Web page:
Early in The Bradbury Report, my narrator says: “I am – I can think nothing else – the only living creature, the only human in the world’s history, to have experienced time travel.” What he means by this, we learn, is that, at sixty-six years old, he has been brought together with a genetically identical version of himself at twenty-one. “Never Never Land” has been, for me, a kind of anthem to immaturity and stasis. It is also, implicitly, a beautiful contra-ode on time travel.
“Loveland” - Charles Wright & The Watts 103rd Street Rhythm Band
I think of my book as, first and foremost, a love story, or, said more precisely, a story of multiple loves, youthful and elderly. I think “Loveland” is one of the best love songs ever written, “a masterpiece,” as one writer has it, “of messed-up LA funk.” Notably, the vocalist is James Gadson, and not Charles Wright. I first heard it in the late 60s on the jukebox in O’Rourke’s Diner in Middletown, Connecticut, at a time when I was relentlessly, and desperately, in and out of love. I listen to it often now, always in a wash of regret. There’s a surfeit of regret in my book. It would be the music I’d choose – it would be suitably perverse – for the diner scene in The Bradbury Report.
Mozart’s Clarinet Concerto in A major (second movement – Adagio)
As an evocation of young love, this piece is, to my mind, unsurpassed. I never tire of listening to it. When my son got engaged to the woman he is now married to, and happily, I sent them this concerto, hoping to add another layer of grace and beauty to their already graceful and beautiful relationship. Ray’s marriage to his young wife, Sara, who dies early in the book, and from whose “senseless and atavistic” death Ray never quite recovers, is not, it has to be said, unalloyedly graceful.
“La Grange” - ZZ Top
A great whorehouse song. More fun, by half, than the lugubrious “House of the Rising Sun.” Would be appropriately guttural for the scene in which Ray and Alan set out on their ill advised, ill-fated, sub-arctic sortie to a brothel in “The Purg,” the red-light district in my speculative Regina.
“Loch Lomond” - Kings Singers
The Trossachs is a gloriously unspoiled region of lochs, Lomond among them, in the Scottish Highlands northwest of Stirling, where Ray and Sara spend their honeymoon, and which remains for Ray a hallowed spot. You will know these words (I give them in modern English), and most of you will hear the melody, which, despite common usage, is decidedly unjaunty:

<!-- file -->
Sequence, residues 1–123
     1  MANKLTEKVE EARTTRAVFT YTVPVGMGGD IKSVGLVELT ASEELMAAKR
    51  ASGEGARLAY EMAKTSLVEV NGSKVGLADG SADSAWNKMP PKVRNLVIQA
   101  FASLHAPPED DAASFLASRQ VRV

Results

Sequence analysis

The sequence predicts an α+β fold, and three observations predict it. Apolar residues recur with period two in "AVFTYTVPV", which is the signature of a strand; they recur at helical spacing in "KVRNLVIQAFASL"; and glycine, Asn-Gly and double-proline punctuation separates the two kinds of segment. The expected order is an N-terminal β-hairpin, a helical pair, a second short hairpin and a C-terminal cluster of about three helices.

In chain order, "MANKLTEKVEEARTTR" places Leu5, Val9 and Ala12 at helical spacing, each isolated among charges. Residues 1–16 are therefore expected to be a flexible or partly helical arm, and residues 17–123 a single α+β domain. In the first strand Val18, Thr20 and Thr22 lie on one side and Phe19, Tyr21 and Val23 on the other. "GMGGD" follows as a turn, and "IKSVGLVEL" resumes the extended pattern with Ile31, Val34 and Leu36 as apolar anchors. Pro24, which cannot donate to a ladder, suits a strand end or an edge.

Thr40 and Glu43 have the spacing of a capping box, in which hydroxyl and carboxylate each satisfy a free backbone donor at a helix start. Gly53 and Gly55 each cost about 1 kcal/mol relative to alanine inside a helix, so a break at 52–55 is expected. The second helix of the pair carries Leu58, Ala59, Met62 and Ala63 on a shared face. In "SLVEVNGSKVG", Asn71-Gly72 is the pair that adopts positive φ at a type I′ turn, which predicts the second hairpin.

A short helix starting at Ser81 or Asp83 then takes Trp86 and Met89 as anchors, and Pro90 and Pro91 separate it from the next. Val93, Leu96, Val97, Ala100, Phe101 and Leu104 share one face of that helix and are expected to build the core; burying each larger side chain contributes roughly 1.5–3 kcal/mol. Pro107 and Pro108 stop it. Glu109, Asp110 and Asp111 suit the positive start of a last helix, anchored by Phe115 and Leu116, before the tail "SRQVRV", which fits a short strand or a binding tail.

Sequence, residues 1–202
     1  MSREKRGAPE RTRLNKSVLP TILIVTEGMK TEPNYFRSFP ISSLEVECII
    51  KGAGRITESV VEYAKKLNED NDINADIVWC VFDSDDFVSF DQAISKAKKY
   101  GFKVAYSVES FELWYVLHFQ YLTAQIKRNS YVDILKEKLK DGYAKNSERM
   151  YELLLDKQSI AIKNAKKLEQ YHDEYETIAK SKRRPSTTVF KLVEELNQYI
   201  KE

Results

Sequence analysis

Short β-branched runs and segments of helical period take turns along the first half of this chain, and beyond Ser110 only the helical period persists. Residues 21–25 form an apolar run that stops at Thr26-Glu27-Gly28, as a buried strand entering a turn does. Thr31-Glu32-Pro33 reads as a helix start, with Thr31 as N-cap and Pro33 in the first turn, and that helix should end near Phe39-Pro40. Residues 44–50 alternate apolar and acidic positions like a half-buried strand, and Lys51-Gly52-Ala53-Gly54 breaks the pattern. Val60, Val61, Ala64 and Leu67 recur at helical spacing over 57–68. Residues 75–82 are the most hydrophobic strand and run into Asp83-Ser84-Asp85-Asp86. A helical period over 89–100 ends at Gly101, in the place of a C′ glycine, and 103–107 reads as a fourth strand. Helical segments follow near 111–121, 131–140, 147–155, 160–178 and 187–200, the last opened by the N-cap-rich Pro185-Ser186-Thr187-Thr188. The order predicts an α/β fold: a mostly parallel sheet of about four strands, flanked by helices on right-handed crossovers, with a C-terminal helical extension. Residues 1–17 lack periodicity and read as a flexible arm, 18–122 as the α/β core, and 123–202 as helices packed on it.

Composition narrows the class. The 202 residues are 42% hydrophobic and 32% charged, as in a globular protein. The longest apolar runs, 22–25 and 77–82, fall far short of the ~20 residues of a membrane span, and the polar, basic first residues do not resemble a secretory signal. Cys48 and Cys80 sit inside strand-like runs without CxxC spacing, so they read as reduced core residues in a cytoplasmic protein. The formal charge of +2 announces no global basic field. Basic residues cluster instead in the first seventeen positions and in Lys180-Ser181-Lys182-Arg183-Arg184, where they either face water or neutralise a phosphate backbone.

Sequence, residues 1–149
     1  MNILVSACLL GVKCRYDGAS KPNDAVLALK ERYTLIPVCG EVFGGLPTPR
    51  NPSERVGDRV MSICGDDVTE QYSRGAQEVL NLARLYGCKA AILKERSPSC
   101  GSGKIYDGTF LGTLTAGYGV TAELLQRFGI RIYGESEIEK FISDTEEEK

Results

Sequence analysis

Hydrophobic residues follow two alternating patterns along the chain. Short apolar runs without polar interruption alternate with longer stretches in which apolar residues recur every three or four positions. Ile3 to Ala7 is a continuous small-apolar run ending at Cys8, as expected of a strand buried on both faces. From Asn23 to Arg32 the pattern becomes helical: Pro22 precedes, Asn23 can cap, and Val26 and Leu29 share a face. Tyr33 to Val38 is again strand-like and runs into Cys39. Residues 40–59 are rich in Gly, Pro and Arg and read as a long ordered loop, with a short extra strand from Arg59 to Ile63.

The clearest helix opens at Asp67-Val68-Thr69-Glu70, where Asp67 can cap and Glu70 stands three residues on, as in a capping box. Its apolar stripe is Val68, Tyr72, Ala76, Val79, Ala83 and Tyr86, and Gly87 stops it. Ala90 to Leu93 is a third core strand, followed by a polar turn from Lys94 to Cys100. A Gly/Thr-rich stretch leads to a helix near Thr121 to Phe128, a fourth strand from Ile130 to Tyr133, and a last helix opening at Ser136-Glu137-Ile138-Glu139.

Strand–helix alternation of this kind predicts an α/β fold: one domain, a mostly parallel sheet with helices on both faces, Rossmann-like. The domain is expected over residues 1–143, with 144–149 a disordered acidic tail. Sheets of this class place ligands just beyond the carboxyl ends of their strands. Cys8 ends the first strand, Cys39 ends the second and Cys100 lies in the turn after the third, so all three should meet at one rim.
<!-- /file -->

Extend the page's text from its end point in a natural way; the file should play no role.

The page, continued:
Oh, you take the high road, and I’ll take the low road,
And I’ll be in Scotland before you.
But me and my true love will never meet again
On the bonny, bonny banks of Loch Lomond.
Apparently, the ballad was conceived as the farewell to his beloved from one of Bonny Prince Charlie’s followers, just before his execution at Carlisle. I cherish this song, and not only because I spent one of the happiest years of my life in Stirling, playing “semi-professional” basketball and trying, vainly, disjunctively, to be an actor. It is one of the great odes on doomed love.
“Spring Will Come Again” - Linda Eder, Michael Shawn-Lewis. Alexander Frey, piano
On the final page of The Bradbury Report Ray remembers his last Christmas with his wife. She is in the late stages of a first pregnancy, with a child she will die giving birth to. The child, a boy, will be stillborn. Ray drives to Hanover on Christmas Eve and buys her, in a fancy shop, a pale green linen sundress. “I liked her in that shade of green,” he says, “and I liked to look at her in sundresses, to see her arms and neck and shoulders and legs exposed. And I wanted to remind her that she would once again be elegant and lissome, to remind her, in the teeth of winter, that spring would come again.”
The lovely and haunting song, “Spring Will Come Again,” which was very much on my mind when I wrote the passage cited above, was written by Leonard Bernstein (music), and Comden and Green (lyrics), for a musical version of Thornton Wilder’s The Skin of Our Teeth. The musical never appeared. Bernstein later pirated the middle section of the song and used it in a (boy’s) soprano aria in his Chichester Psalms.
"Billy’s Blues" - Laura Nyro
Gorgeously written and sung. I can think of nothing like it. A sad song for a sorrowful book.
Steven Polansky and The Bradbury Report links:
also at Largehearted Boy:
other Book Notes playlists (authors create music playlists for their book)
52 Books, 52 Weeks (weekly book reviews)
Antiheroines (interviews with up and coming female comics artists)
Atomic Books Comics Preview (weekly highlights of comics & graphic novels)
Daily Downloads (free and legal daily mp3 downloads)
guest book reviews
Largehearted Word (weekly highlights of new books)
Note Books (musicians discuss literature)
Soundtracked (composers and directors discuss their film's soundtracks)
Try It Before You Buy It (mp3s and full album streams from the week's CD releases)
weekly music & DVD release lists